How a little-known export boosts returns in livestock

When I think about export opportunities for Canadian agriculture, the raw or processed commodities Canada’s famous for - like grains, oilseeds, livestock and red meat - come to mind. I seldom think about livestock by-products.

However, by-products like swine and bovine edible offal and hides contributed more than C$1 billion to Canadian ag export values in 2015. And they, like everything else in agriculture, are driven by factors often beyond the industry’s control.

International markets determine the value of by-products

Hides are the single most valuable component of beef by-products. Used to make leather furniture and clothing, their markets have slowed while regions such as the EU, Japan and Russia continue to struggle.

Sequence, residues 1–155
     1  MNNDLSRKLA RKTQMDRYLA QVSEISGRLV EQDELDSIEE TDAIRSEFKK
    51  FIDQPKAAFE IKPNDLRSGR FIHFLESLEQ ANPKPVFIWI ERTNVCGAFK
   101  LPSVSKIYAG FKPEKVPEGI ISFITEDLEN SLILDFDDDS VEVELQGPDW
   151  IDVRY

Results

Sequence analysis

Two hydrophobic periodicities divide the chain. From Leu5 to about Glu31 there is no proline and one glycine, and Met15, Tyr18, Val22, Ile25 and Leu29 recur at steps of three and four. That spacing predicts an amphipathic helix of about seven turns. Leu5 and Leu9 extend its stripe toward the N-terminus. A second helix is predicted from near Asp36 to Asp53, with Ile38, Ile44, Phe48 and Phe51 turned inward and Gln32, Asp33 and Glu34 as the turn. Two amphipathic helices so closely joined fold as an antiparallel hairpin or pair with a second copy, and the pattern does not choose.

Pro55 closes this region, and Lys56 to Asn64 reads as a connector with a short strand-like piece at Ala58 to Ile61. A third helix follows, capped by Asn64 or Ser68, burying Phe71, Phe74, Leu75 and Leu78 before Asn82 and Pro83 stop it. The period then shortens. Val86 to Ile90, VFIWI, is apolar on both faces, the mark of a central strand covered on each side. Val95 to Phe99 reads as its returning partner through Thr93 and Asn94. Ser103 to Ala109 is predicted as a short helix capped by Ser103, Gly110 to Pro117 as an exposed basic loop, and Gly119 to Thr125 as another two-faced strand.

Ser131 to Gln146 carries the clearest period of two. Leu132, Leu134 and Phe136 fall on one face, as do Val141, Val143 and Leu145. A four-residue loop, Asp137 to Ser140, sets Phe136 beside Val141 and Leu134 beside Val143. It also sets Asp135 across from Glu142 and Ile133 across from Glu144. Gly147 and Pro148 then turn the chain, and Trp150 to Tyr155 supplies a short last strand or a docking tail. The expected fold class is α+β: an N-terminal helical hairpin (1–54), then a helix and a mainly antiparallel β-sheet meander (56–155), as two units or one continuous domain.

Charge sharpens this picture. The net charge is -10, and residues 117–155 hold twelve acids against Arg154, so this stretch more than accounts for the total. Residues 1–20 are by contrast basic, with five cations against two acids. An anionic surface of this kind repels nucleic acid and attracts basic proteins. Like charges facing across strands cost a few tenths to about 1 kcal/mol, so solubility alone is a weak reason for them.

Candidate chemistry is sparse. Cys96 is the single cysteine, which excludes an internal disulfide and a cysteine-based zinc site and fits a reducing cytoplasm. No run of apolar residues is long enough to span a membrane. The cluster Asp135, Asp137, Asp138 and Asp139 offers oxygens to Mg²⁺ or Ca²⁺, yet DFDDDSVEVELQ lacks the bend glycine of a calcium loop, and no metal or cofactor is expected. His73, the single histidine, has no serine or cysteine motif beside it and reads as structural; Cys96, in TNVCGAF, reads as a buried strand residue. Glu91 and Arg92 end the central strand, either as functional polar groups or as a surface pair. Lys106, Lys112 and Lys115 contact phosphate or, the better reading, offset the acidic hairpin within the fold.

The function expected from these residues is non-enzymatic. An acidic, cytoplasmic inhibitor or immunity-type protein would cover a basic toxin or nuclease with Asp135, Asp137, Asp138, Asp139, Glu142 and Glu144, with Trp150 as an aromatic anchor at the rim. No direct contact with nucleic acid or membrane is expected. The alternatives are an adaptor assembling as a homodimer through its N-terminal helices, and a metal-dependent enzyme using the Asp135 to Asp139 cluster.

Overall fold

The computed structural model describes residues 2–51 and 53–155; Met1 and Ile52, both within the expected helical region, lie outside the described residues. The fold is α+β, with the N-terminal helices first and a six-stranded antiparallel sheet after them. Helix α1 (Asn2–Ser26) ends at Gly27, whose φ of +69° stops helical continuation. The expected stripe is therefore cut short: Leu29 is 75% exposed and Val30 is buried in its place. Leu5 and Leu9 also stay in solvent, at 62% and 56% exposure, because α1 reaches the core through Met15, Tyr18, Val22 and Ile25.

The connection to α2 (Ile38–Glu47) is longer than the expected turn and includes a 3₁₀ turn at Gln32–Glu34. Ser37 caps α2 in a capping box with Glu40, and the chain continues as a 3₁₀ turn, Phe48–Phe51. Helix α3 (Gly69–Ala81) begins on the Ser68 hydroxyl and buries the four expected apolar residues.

According to analysis from the Livestock Marketing Information Center (LMIC), China’s economic slowdown and the increased value of the USD have a negative impact on the global processing sector’s demand for leather. However, the high USD provides a competitive advantage for the Canadian industry.

Prices trending below 5-year average

Lowered demand for hides has helped produce current U.S. by-product values:

  • Beef - $11.49/cwt compared to the 5-year average of $13 - 14/cwt
  • Pork - $3.61/cwt compared to the 5-year average of $5 - 6/cwt
 
Canadian hide exports account for nearly 40% of all by-product exports; they’ve grown 10.5% over the last 10 years. Exports of offal respond to different market conditions around the world, and have increased 72% since 2006.

Canada’s 2015 National Beef Strategy
highlighted the role of offal in boosting exports to markets where the products command higher prices than in North America. Developing these markets will add value to each animal.